Dandy-walker syndrome revisited

Bernald L. Maria, S. James Zinreich, Benjamin C. Carson, Arthur E. Rosenbaum, John M. Freeman

Research output: Contribution to journalArticle

Abstract

The Dandy-Walker syndrome is said to be associated with a high incidence of mental retardation and motor dysfunction leading some to suggest termination of the affected fetus in utero. Since this view seemed contrary to our experience, we reviewed 19 patients with the Dandy-Walker syndrome diagnosed from 1966 to 1983. Thirteen patients with Dandy-Walker syndrome were diagnosed before 6 months of age and followed for more than 2 years (mean: 10 years). In the absence of other associated major abnormalities, 7 of 8 (88%) are functioning well and have attended regular schools. Two of these seven have had special help with isolated learning problems. None of these patients have significant motor disability. One additional patient with normal intellectual and motor function died of acute shunt malfunction. In the remaining 4 patients with Dandy-Walker-associated abnormalities, 3 (75%) have severe intellectual retardation and spastic cerebral palsy. Five of six patients (83%) with Dandy-Walker syndrome diagnosed after 6 months of age are normal. The outcome of patients with Dandy-Walker syndrome appears far better than previously reported. The Dandy-Walker syndrome (DWS) is defined as a congenital malformation of structures in the posterior fossa and is characterized by: (1) cystic dilatation of the fourth ventricle, (2) hypoplasia or agenesis of the cerebellar vermis, and (3) hydrocephalus which is either congenital or of later onset [1, 2], Associated central nervous system malformations often found at autopsy [4] in patients with the diagnosis of DWS include: heterotopias, agyria, polymicrogyria, agenesis of the corpus callosum, aqueductal stenosis, and syringomyelia. The etiology and pathogenesis of this condition are not yet determined, but the presence of associated abnormalities is suggestive of an early embryonal developmental disturbance affecting more than just posterior fossa structures [6]. The DWS is said to be associated with a high incidence of motor dysfunction, mental retardation and mortality [1-5, 7] leading some to suggest that the prognosis for normal intellectual development is poor [11], This study addresses the outcome of children with the DWS diagnosed at the Johns Hopkins Hospital from 1966 to 1983. Their outcome appears far better than previously reported.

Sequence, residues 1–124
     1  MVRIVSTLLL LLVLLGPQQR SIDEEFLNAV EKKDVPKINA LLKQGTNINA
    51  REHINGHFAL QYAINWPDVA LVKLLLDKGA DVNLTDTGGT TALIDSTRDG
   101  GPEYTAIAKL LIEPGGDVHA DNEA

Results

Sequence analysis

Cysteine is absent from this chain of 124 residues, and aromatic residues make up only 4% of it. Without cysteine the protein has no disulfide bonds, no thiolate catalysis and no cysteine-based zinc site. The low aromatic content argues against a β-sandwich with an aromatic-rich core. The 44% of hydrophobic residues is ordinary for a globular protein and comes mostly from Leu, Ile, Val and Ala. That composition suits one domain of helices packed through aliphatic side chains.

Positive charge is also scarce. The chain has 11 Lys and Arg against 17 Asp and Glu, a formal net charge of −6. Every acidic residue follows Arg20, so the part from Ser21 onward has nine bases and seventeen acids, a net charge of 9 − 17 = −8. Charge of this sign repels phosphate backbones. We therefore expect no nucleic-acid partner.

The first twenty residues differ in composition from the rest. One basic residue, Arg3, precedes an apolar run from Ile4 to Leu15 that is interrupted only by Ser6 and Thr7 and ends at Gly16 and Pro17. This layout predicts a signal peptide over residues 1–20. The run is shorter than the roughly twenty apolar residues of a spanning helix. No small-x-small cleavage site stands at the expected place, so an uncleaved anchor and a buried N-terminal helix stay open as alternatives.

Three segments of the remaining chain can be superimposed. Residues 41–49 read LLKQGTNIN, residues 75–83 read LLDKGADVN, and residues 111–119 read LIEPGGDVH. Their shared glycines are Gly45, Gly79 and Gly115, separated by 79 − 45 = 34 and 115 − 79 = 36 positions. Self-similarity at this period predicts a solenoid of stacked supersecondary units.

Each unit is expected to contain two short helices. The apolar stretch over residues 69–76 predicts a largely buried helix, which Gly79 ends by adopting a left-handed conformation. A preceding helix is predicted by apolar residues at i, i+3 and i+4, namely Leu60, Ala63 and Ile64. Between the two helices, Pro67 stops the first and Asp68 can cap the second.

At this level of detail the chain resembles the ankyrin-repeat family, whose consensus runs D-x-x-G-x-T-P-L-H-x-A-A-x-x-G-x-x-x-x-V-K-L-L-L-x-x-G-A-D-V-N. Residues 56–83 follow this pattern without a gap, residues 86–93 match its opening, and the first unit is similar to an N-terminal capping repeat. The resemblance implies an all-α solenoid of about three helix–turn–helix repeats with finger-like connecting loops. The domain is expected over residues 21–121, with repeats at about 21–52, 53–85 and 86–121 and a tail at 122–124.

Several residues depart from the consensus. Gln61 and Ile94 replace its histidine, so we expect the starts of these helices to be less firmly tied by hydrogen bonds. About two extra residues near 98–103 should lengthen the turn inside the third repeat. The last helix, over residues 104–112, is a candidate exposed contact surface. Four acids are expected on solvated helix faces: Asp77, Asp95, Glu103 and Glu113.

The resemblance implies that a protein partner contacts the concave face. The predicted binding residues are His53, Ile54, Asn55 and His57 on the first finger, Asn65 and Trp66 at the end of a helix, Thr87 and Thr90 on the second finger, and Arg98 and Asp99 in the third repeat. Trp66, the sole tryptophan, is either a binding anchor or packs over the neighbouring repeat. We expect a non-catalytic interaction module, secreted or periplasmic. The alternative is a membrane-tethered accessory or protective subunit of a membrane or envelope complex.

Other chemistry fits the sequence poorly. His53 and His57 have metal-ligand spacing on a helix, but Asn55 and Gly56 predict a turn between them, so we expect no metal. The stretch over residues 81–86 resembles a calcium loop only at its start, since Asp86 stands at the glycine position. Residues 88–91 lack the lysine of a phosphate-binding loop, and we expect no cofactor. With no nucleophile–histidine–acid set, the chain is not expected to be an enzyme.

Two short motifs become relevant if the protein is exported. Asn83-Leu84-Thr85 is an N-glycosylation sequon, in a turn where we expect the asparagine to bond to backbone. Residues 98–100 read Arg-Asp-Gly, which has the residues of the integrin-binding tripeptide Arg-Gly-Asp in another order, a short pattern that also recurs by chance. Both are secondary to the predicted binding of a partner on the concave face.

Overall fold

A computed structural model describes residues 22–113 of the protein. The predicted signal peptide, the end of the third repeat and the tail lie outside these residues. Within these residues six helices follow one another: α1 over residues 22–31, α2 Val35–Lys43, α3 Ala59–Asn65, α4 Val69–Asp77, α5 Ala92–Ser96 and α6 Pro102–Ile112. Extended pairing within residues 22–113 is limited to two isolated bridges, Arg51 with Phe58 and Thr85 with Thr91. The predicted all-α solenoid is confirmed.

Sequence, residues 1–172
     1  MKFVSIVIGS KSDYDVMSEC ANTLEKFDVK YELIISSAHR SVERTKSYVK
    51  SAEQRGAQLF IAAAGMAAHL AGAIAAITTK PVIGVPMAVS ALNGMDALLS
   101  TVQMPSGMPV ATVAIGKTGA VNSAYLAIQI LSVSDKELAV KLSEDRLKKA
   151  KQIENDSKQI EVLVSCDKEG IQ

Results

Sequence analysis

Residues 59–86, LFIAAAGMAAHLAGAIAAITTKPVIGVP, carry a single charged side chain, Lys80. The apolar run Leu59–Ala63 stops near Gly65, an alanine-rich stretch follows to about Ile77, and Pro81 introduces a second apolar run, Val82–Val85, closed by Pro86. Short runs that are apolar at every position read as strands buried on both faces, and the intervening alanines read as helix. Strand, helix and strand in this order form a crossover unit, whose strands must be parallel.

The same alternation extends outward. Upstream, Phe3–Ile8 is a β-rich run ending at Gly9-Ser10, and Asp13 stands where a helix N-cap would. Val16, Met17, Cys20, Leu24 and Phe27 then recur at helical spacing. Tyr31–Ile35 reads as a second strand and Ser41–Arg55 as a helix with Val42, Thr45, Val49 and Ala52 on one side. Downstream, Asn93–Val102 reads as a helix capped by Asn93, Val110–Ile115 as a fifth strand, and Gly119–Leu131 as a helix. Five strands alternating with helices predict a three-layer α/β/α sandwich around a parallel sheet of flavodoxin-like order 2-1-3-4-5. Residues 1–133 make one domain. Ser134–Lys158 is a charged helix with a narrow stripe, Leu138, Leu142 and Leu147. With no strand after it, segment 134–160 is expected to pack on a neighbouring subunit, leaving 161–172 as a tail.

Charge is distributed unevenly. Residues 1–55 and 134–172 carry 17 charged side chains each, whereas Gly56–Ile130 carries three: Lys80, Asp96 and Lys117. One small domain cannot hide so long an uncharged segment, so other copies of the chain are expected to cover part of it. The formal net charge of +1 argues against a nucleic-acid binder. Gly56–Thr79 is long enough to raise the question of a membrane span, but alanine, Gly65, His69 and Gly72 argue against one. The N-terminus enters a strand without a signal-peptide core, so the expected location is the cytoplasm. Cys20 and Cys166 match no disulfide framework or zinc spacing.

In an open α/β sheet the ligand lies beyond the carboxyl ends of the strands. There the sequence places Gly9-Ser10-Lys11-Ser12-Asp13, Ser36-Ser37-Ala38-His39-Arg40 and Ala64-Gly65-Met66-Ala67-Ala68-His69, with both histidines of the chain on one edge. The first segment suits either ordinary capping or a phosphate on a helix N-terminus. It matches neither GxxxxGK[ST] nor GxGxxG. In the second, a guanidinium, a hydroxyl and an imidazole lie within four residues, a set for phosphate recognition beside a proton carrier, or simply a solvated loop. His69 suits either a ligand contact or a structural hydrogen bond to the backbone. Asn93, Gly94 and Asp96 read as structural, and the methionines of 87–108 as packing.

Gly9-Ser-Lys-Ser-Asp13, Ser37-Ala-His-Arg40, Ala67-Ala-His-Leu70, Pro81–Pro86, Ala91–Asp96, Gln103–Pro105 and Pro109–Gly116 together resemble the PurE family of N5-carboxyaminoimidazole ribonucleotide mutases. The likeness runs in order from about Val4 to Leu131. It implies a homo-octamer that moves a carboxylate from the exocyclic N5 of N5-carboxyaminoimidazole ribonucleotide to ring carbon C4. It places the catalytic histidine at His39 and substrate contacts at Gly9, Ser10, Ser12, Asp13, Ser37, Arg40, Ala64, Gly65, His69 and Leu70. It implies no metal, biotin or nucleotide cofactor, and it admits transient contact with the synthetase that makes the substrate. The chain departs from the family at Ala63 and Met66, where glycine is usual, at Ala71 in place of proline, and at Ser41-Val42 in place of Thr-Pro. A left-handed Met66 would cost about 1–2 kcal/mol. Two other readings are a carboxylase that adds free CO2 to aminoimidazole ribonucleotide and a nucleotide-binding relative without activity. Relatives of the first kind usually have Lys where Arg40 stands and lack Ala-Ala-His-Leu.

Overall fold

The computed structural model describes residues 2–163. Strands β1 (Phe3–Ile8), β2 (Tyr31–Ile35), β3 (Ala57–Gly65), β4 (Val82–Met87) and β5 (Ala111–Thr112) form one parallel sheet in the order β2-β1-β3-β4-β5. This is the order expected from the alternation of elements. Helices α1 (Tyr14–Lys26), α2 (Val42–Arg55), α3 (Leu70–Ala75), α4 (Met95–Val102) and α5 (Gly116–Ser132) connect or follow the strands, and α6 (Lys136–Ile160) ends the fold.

Original languageEnglish (US)
Pages (from-to)45-51
Number of pages7
JournalPediatric Neurosurgery
Volume13
Issue number1
DOIs
StatePublished - Jan 1 1987

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Keywords

  • Cerebrospinal fluid shunt
  • Dandy-Walker syndrome
  • Hydrocephalus

ASJC Scopus subject areas

  • Pediatrics, Perinatology, and Child Health
  • Surgery
  • Clinical Neurology

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